“Good fortune is what happens when opportunity meets with planning.”
– Thomas Alva Edison
Strohmeyer Law assists families with planning for the future. Our goal for you is to have peace of mind. We will help you with all aspects of estate planning to craft a plan that works for you and your family. To meet your specific needs, we’ll use a number of tools, including wills and revocable trusts, durable powers of attorney, and advance health care directives (also known as living wills), and designations of guardian for you and your children.
Schedule a call with Strohmeyer Law.
We realize that scheduling an office meeting isn’t always convenient on top of an already full schedule. For that reason, we have limited availability during evenings and weekends to meet with you. Please feel free to bring your children to meetings if that makes it easier for you. We’ll have things for them to do in the office, or they can use nearby Levy Park during our meeting.
The 2017 Tax Bill didn’t eliminate the need for estate planning.
The 2017 Tax Bill doubled the estate tax exemption to $11,180,000 per person in 2018, effectively removing the tax planning aspect of estate planning for most of the population. While tax planning is no longer the focus of estate planning, it’s still necessary to have a plan in place to control the disposition of your assets on your death. Without that plan, what you own when you die will be distributed according to Texas law, which may not fit with your goals for your family.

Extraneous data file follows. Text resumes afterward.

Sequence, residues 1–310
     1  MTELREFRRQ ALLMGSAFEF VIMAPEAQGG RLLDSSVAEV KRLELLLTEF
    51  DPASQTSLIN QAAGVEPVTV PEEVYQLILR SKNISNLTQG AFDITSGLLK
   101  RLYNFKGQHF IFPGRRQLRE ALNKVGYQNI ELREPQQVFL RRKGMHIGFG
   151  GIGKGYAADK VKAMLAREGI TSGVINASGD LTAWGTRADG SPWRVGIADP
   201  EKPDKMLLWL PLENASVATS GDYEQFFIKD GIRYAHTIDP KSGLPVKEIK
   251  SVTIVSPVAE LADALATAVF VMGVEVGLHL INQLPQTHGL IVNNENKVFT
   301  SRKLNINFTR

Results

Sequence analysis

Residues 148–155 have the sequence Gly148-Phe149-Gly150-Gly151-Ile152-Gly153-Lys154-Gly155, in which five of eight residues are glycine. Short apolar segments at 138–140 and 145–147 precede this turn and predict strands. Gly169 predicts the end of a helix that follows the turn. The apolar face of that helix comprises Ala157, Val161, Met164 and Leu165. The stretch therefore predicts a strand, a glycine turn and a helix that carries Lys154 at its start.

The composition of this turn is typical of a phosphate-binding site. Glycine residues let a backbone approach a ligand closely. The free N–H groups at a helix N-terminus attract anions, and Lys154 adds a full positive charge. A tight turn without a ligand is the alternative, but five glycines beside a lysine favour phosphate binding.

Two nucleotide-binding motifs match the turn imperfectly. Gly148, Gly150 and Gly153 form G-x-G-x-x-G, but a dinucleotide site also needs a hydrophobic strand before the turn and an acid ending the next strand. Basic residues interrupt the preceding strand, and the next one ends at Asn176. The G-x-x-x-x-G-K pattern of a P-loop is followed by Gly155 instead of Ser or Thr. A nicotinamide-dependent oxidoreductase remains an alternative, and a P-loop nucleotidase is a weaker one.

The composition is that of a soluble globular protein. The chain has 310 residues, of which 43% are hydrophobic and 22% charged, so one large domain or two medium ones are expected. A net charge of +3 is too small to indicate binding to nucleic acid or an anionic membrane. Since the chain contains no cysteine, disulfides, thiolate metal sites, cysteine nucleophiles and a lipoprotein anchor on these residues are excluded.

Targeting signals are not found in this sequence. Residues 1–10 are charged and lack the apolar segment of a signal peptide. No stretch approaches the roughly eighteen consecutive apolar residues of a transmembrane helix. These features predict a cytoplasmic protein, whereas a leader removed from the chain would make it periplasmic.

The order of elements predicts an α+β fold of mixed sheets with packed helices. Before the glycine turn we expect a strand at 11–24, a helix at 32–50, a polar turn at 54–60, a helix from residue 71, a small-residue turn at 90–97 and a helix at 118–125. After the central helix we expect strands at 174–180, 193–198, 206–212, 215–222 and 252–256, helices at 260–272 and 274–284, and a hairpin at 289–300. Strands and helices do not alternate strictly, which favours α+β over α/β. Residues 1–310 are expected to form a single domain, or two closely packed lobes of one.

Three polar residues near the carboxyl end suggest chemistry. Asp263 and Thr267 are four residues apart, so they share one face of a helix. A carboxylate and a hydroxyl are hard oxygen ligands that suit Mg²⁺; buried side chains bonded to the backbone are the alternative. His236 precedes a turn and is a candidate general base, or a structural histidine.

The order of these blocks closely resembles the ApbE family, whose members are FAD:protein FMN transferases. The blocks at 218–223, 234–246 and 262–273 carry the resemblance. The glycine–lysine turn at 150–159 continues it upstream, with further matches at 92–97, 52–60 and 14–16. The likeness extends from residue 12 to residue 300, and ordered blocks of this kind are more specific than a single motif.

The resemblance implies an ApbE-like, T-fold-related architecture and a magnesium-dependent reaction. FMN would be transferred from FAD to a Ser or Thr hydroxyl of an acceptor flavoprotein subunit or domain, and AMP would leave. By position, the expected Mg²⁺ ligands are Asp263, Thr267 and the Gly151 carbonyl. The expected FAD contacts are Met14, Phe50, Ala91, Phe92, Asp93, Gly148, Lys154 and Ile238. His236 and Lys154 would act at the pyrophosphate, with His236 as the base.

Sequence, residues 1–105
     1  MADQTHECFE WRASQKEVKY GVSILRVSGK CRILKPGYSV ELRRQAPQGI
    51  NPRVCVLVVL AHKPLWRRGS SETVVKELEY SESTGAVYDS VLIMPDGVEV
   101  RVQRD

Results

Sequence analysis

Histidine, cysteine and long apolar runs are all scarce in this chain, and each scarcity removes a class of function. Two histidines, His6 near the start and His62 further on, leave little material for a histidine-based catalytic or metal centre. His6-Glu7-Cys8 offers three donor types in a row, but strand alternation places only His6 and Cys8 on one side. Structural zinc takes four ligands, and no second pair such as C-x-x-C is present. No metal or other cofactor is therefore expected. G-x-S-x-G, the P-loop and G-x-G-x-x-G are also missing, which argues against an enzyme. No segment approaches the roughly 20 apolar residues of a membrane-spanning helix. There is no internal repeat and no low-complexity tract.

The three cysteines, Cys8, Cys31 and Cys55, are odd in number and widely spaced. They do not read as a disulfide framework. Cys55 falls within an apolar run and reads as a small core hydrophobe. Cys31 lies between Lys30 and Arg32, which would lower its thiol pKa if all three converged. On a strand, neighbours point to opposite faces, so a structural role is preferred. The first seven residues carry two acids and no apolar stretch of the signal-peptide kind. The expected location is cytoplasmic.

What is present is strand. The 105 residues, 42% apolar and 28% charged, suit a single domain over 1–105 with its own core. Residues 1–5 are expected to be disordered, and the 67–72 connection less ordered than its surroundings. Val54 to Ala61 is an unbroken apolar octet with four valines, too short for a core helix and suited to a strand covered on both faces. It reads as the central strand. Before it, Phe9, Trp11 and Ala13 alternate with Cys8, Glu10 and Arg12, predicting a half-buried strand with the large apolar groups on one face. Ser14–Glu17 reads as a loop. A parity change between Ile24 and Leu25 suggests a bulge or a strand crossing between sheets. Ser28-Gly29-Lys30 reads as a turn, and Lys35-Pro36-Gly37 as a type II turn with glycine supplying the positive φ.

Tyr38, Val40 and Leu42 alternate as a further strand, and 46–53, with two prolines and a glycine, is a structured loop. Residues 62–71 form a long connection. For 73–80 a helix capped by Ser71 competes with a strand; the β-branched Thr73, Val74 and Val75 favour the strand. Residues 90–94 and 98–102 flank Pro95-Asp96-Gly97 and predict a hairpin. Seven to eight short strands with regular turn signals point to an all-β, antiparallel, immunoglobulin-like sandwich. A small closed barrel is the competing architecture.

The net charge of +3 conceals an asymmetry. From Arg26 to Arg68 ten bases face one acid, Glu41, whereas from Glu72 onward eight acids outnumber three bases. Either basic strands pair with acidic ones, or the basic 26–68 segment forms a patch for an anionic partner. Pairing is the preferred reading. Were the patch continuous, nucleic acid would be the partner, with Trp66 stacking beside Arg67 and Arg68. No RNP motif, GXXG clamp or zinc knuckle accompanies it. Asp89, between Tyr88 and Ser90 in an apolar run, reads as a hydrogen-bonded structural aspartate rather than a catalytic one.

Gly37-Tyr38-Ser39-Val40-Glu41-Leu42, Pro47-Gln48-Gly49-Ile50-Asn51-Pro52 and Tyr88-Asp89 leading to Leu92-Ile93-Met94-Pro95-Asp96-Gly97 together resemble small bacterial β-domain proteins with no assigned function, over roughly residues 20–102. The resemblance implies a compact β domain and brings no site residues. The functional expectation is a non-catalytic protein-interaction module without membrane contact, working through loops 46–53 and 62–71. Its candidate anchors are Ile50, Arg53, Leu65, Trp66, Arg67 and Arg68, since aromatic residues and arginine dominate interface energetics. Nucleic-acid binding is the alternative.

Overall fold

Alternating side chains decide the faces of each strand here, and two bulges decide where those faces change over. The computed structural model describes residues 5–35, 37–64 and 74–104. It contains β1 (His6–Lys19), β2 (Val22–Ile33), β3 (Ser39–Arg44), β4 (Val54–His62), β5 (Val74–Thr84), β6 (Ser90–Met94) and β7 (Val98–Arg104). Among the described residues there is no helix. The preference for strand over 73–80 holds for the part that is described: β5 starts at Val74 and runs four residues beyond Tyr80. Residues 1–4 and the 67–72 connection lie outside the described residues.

US Planning for Nonresidents
The 2017 Tax Bill only increased estate tax exemptions for US citizens and residents. For those living outside the US with assets in the US, the exemption amount remains $60,000, meaning that a nonresident can have a US estate tax problem after investing a small amount in the US. While some nonresidents live in a country with an estate or a gift tax treaty with the US (providing them with better planning opportunities), they are in the minority. By planning for the US estate tax, nonresidents can mitigate a potentially huge estate tax problem.